Behind-the-scenes: Their commitment makes doctors, nurses work easier
Chen Yilin, Liu Bo
Everyone knows doctors and nurses are putting their lives on the line to fight against the coronavirus across the country. But not much is known about the employees in the background who work extra hours to make it easier for the medical workers to do their jobs.
Wang Xiangfan is a security guard at one of Guangzhou's top hospitals. When he first applied for the job, he never imagined his work would get so tough. Due to the surge of patients, the 22-year-old has had to extend his shift to 12 hours a day and works 15 days straight.
The hardest is that he has to work long hours in protective gear, which further strained his nerves and burned his energy. Some advised him to drink more water to relieve himself. But he has to change his protective suit every time he uses the bathroom due to the high risk of exposure to the virus at the hospital.
However, protective suits are in short supply now, so he came up with an idea.
"I try to drink less water to avoid going to the bathroom. Doctors and nurses need protective gear the most. I don't want to waste any more," said Wang.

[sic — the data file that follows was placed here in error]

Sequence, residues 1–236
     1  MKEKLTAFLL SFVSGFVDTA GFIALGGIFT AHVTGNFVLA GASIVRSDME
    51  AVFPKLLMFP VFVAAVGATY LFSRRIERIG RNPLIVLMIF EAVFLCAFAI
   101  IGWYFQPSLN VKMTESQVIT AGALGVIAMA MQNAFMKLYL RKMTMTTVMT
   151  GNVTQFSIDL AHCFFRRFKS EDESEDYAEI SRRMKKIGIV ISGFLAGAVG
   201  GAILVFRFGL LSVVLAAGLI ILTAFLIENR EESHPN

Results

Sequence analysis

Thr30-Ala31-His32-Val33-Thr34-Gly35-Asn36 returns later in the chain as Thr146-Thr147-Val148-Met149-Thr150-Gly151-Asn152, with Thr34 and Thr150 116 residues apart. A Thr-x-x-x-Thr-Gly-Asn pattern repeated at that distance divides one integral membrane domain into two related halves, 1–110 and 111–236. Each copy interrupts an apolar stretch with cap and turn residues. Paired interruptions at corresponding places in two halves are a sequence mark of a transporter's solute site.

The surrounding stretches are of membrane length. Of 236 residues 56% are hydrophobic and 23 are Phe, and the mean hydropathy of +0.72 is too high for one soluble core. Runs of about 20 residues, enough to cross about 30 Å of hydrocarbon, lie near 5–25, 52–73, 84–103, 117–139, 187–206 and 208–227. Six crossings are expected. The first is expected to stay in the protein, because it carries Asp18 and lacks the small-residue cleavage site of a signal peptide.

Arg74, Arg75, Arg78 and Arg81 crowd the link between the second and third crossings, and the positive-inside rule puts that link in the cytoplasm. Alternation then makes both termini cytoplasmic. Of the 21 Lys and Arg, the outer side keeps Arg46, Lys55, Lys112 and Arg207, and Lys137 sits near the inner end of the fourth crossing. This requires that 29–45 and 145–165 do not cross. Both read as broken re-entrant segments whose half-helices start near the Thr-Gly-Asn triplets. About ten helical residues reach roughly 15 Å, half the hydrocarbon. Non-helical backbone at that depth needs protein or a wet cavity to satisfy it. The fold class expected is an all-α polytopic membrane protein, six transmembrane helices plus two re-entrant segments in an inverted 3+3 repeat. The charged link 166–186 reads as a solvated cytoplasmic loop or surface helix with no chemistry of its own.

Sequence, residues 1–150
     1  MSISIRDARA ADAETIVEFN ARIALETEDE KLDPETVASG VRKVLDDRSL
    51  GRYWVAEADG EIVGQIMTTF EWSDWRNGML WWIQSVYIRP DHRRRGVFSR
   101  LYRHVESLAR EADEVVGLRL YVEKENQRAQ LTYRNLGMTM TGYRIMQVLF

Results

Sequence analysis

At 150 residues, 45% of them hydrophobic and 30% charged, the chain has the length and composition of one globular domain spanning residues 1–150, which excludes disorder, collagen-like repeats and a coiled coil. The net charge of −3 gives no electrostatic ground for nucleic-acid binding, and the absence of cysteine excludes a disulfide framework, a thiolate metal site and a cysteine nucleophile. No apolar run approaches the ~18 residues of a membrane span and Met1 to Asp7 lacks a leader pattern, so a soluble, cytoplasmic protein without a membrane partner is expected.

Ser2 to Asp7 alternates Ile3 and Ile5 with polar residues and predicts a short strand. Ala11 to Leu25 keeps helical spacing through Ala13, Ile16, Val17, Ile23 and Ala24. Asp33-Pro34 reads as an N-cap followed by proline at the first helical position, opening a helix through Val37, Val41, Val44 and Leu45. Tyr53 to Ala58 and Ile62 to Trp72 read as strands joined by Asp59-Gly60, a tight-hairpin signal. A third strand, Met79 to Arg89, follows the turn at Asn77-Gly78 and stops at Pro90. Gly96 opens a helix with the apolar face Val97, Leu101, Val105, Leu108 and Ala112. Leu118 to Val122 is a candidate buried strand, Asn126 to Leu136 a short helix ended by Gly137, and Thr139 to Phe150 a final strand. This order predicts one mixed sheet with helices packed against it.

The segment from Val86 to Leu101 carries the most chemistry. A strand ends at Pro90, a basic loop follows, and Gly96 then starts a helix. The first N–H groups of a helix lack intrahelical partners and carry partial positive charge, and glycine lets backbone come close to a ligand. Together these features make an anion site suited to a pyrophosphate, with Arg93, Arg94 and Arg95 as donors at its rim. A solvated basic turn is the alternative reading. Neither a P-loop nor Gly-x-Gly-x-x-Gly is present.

His family members worried him a lot and asked him to quit despite his commitment and dedication.
"My parents check in on me every night via phone calls. They ask me to quit the job and leave the hospital because it's too dangerous here," Wang said.
The same is true for 66-year-old sanitation worker, Chen Taomei, who has been working at the hospital for more than a decade. She understands too well the moral dilemma many regular workers are facing now.
"The whole family is against me. I told them I just can't quit in this critical moment because so many people are in need of help," Chen said with tears in her eyes. "I have nothing to be afraid of. All what I'm thinking is that we must win the fight against the epidemic. We won the battle against SARS. We will win this time, too."